Inspired by the history of the British “brideships,” this captivating historical debut tells the story of one woman’s coming of age and search for independence—for readers of Pam Jenoff's The Orphan's Tale and Armando Lucas Correa’s The German Girl.
Tomorrow we would dock in Victoria on the northwest coast of North America, about as far away from my home as I could imagine. Like pebbles tossed upon the beach, we would scatter, trying to make our way as best as we could. Most of us would marry; some would not.
England, 1862. Charlotte is somewhat of a wallflower. Shy and bookish, she knows her duty is to marry, but with no dowry, she has little choice in the matter. She can’t continue to live off the generosity of her sister Harriet and her wealthy brother-in-law, Charles, whose political aspirations dictate that she make an advantageous match.
When Harriet hosts a grand party, Charlotte is charged with winning the affections of one of Charles’s colleagues, but before the night is over, her reputation—her one thing of value—is at risk. In the days that follow, rumours begin to swirl. Soon Charles’s standing in society is threatened and all that Charlotte has held dear is jeopardized, even Harriet, and Charlotte is forced to leave everything she has ever known in England and embark on a treacherous voyage to the New World.
From the rigid social circles of Victorian England to the lawless lands bursting with gold in British Columbia’s Cariboo, The Brideship Wife takes readers on a mesmerizing journey through a time of great change. Based on a forgotten chapter in history, this is a sparkling debut about the pricelessness of freedom and the courage it takes to follow your heart.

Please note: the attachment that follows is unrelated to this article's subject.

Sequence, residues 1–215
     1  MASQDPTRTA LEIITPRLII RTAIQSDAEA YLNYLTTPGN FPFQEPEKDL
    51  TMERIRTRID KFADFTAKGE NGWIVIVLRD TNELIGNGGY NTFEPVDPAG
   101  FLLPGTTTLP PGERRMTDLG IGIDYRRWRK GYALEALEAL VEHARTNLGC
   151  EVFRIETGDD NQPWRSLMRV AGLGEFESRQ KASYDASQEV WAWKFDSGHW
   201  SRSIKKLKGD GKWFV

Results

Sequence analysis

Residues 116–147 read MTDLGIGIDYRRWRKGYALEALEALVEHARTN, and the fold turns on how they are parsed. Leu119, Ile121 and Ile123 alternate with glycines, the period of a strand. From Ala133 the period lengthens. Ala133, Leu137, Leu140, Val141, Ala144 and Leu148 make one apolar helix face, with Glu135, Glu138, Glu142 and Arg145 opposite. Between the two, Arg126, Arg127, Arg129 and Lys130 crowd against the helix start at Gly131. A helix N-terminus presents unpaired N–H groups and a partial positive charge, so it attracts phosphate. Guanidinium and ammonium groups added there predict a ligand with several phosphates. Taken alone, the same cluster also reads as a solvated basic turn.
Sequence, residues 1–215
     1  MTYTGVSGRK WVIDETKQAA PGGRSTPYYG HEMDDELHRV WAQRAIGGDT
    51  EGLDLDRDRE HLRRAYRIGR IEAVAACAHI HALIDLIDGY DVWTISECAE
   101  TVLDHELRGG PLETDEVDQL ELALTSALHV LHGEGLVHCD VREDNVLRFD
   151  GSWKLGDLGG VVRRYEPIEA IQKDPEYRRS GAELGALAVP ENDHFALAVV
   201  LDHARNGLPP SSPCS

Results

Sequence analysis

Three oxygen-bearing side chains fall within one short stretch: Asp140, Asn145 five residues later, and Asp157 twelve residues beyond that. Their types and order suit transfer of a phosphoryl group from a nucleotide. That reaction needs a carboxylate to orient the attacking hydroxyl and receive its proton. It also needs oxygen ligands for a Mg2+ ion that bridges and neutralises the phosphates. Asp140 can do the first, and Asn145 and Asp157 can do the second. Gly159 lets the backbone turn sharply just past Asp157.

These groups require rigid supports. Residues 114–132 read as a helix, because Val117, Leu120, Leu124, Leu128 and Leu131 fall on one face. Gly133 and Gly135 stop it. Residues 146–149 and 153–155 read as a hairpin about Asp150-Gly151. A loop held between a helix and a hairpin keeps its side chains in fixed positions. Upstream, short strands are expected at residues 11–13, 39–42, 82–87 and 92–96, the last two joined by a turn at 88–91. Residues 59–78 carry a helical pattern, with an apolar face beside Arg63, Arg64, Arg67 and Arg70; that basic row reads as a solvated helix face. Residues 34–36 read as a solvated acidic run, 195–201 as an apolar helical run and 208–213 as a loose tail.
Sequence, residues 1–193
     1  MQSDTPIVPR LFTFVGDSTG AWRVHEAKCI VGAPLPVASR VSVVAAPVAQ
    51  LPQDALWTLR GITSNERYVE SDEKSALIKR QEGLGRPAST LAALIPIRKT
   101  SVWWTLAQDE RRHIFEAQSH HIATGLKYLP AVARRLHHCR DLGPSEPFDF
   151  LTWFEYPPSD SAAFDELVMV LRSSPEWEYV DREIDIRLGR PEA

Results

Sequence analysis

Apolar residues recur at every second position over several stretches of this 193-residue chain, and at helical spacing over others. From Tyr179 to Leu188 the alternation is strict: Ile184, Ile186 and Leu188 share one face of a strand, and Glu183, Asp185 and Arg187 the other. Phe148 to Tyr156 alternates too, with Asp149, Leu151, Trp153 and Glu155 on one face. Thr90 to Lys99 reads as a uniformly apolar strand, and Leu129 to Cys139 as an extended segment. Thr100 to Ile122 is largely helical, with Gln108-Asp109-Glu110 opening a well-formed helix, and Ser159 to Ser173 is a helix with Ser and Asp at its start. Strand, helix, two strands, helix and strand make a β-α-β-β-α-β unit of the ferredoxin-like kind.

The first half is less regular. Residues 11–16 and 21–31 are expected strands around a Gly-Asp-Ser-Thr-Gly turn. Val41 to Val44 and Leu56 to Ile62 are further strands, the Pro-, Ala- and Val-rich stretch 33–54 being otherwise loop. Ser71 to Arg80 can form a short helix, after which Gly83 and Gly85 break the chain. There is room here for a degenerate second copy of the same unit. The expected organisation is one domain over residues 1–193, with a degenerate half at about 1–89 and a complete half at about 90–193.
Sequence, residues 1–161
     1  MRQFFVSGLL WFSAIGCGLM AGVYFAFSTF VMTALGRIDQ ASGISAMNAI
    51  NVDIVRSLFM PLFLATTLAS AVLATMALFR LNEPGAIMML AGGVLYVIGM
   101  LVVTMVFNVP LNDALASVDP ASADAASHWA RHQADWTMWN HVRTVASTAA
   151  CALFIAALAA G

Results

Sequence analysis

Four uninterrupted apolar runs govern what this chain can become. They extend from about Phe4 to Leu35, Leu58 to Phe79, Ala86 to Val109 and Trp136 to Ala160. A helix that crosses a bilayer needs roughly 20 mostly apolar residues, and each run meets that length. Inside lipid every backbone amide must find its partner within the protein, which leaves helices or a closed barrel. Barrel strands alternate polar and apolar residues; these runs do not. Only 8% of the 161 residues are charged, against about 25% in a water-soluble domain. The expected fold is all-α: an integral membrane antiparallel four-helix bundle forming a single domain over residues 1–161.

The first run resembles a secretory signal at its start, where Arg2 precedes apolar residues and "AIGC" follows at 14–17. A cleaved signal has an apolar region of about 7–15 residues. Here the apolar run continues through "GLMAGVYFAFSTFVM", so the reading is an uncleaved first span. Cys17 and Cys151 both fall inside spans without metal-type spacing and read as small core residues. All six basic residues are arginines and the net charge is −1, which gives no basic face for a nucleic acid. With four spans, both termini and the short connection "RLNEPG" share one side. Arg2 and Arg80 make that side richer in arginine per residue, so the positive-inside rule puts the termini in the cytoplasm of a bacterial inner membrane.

About the Author
Leslie Howard is the instant bestselling author of The Brideship Wife. Shegrew up in Penticton, British Columbia, where she developed a passion for the province’s history. A graduate of Ottawa’s Carleton University in economics and political science, she now divides her time between Vancouver and Penticton, where she and her husband grow cider apples. Connect with her on Twitter @AuthorLeslieH or on her website LeslieHoward.ca.
Praise for The Brideship Wife
“A wonderful debut. . . . This well-researched read marks the arrival of a new talent on the Canadian historical fiction scene.” — Toronto Star
“Engrossing.” — The Globe and Mail
“Abeautifully told, meticulously researched story of the little-known bride ships and the courageous women on board who risked everything for freedom, then fought to get what they deserved. Debut author Leslie Howard brings history to life by masterfully weaving together the social demands of the time, the perilous journey into the unknown, the too often tragic results of colonization, and the hearts and minds of those navigating these troubled waters.” — GENEVIEVE GRAHAM, #1 bestselling author of The Forgotten Home Child
“A welcome insight into the neglected history of the marriageable women sent from England to the colonies. The protagonist, Charlotte, is a true heroine. A spellbinding read. Wonderfully suspenseful, right to the satisfying ending.” — ROBERTA RICH, bestselling author of The Midwife of Venice
“An enthralling story of a woman who leaves class-stratified, nineteenth century London society for the distant west coast of Canada, where our protagonist, Charlotte, hopes to find a husband, but through Howard’s incredible research, we experience numerous aspects of the new world. Charlotte’s concern for justice gives the story a refreshing, revisionist feel. A thoroughly enjoyable read.” — SUZANNE DESROCHERS, bestselling author of Bride of New France
“Leslie Howard is a welcome new voice with a confident sense of story, place, and destiny in this engaging coming-of-age novel.” — ANNE GIARDINI, author of The Sad Truth About Happiness and Advice for Italian Boys
“Howard’s passion for her province’s history dances through her story, as she lights on the gold rush, treatment of Indigenous Peoples, local politics, and medical developments against a vividly described background. She takes on heavy themes of sex, class, racial discrimination, and women’s rights and freedoms. Yet her novel remains easily readable, entertaining and informative.” — Winnipeg Free Press